A visit to Storm King borders on the magical. That's because objects that appear to be one thing, may surprise you. Here are a few of the ways Storm King delivers the unexpected.
Giant hand-hewn boulders look like they were created for a game of marbles between a couple of trolls, particularly as they sit silently in the forest. But really, they're hollow and constructed of terracotta, cement, and wire.
Not all picket fences are created equal. Alyson Shotz's Mirror Fence (2003/2010, acrylic, wood, aluminum, stainless steel) is enchanting. It's like something that would surround the yard of a disco-addicted gay couple. But it's more enchanting than that. Sometimes it almost disappears into the landscape. And it gets even better when nature interacts with it.
As a side note, Shotz had another work on view at Storm King. This is Viewing Scope (2006, mirror polished stainless steel tubes, glass lenses, steel). It provided a striking way to reconsider the environment.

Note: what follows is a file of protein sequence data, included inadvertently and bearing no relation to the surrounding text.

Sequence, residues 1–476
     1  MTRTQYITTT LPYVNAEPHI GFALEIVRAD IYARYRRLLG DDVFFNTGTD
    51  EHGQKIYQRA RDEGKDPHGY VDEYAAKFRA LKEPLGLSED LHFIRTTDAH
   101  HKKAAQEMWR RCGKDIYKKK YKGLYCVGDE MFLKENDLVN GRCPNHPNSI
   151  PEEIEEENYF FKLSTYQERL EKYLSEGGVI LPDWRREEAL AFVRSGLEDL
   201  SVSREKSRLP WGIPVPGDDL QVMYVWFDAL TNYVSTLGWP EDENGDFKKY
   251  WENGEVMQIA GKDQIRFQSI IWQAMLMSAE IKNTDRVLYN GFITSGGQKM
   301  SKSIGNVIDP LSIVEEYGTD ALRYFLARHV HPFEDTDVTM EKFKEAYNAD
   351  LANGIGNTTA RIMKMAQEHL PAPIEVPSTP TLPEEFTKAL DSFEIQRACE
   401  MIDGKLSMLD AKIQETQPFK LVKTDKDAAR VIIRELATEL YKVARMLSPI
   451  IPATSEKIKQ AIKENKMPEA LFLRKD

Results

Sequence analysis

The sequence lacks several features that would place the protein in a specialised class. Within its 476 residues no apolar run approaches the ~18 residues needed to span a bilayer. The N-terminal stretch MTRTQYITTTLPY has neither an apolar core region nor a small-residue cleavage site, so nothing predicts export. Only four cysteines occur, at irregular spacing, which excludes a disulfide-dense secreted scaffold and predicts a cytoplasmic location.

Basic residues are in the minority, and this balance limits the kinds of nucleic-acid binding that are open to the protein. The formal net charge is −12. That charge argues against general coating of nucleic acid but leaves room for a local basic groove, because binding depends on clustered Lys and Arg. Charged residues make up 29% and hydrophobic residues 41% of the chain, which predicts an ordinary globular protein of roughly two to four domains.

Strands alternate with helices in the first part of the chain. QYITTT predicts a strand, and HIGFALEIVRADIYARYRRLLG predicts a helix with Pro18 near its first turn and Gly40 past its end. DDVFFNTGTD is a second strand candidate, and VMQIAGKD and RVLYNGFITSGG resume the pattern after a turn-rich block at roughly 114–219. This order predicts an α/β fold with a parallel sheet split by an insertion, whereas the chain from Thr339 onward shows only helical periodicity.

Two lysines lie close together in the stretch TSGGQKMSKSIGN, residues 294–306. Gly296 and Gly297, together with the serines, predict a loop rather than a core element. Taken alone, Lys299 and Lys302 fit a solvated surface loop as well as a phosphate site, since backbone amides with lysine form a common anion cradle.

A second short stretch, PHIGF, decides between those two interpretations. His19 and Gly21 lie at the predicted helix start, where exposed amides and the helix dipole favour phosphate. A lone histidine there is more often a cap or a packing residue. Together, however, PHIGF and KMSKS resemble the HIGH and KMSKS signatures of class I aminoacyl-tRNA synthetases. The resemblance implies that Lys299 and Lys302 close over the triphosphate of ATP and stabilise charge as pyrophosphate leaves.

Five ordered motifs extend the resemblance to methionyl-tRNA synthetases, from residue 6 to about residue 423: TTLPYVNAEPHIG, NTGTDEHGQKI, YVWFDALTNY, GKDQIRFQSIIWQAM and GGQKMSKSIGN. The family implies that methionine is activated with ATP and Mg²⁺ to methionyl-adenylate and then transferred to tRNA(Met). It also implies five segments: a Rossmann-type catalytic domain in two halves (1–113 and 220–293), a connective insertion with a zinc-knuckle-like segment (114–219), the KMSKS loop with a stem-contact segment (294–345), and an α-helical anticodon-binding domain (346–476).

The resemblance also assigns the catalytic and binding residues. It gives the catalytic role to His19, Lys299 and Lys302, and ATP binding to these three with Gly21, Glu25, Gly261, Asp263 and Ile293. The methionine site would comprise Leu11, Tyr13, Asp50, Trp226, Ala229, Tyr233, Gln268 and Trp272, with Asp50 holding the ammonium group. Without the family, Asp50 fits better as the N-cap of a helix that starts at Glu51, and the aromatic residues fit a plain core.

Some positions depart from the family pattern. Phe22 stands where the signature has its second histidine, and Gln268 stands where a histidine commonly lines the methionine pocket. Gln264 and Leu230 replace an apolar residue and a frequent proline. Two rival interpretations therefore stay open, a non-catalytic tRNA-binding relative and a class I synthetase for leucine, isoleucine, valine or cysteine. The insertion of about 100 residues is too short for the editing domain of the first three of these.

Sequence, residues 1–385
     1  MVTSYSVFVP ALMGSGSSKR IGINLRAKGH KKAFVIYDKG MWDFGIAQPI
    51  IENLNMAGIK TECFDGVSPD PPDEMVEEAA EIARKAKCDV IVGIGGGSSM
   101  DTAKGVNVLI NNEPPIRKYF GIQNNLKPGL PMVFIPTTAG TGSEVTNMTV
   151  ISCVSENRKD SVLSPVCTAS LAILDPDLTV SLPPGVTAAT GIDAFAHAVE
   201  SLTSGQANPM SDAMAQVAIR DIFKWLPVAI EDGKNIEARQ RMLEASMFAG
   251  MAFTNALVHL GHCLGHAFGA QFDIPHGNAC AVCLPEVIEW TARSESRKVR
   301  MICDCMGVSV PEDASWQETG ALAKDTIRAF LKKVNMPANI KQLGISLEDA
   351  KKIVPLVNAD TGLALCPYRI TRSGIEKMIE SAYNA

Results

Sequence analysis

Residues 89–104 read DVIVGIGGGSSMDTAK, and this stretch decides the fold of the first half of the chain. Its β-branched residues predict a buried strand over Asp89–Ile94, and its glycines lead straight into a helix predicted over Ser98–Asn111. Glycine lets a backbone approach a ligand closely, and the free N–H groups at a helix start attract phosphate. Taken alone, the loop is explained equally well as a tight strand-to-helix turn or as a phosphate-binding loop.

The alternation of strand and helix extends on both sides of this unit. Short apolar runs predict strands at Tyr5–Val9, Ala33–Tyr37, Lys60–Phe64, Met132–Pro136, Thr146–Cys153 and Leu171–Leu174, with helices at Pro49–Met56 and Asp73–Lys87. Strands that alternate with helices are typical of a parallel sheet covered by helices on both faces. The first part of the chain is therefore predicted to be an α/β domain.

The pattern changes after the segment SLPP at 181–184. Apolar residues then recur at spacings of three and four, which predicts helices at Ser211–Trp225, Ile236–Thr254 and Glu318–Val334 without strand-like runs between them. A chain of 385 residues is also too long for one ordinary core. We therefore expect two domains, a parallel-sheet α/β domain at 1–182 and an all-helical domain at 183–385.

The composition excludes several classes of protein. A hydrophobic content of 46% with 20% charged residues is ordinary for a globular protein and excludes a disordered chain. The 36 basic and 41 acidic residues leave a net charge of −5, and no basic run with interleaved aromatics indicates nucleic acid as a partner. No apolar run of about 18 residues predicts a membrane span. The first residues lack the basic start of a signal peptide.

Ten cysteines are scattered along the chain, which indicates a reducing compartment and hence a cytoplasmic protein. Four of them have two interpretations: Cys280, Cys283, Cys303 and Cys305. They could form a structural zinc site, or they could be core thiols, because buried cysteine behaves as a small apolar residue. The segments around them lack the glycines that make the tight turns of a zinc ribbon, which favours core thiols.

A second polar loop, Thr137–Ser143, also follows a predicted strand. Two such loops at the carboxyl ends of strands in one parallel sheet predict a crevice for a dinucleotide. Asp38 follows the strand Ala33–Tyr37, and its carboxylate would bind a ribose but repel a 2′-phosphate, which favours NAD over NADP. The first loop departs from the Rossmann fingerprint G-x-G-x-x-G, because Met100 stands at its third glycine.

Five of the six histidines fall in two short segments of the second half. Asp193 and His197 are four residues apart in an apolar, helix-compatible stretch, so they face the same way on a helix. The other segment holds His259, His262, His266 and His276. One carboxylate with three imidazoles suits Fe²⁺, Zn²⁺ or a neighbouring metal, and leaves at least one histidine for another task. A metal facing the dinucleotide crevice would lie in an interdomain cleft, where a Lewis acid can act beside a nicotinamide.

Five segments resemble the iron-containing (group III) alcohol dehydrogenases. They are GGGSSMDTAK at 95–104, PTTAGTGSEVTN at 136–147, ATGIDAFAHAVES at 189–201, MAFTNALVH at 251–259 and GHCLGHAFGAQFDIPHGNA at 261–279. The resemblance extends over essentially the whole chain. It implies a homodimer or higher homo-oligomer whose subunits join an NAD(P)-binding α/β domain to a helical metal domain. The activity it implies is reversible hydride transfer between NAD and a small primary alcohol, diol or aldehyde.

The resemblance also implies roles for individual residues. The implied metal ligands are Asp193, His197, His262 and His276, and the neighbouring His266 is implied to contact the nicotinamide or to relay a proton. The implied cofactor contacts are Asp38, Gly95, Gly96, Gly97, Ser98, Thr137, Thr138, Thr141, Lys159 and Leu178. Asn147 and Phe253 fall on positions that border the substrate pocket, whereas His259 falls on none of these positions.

Storm King is a marvel of untouched nature married with the man made. At least that's what we're supposed to believe. But as you learn more about the place you discover that mountains have been moved, vistas revised, and mother nature tamed to create the picture perfect place for each work of art. Sometimes, that attention to detail pays off in whimsical ways. As you rode around the corner on one of the bike paths, you came across this brilliant scene of a perfect white square framing nature.
But if you got off your bike to interact with the sculpture, you quickly realized that the creators of Storm King wanted you to experience the work in different ways and that the landscape had been redesigned to position the artwork perfectly. Here's a close-up view of the sculpture.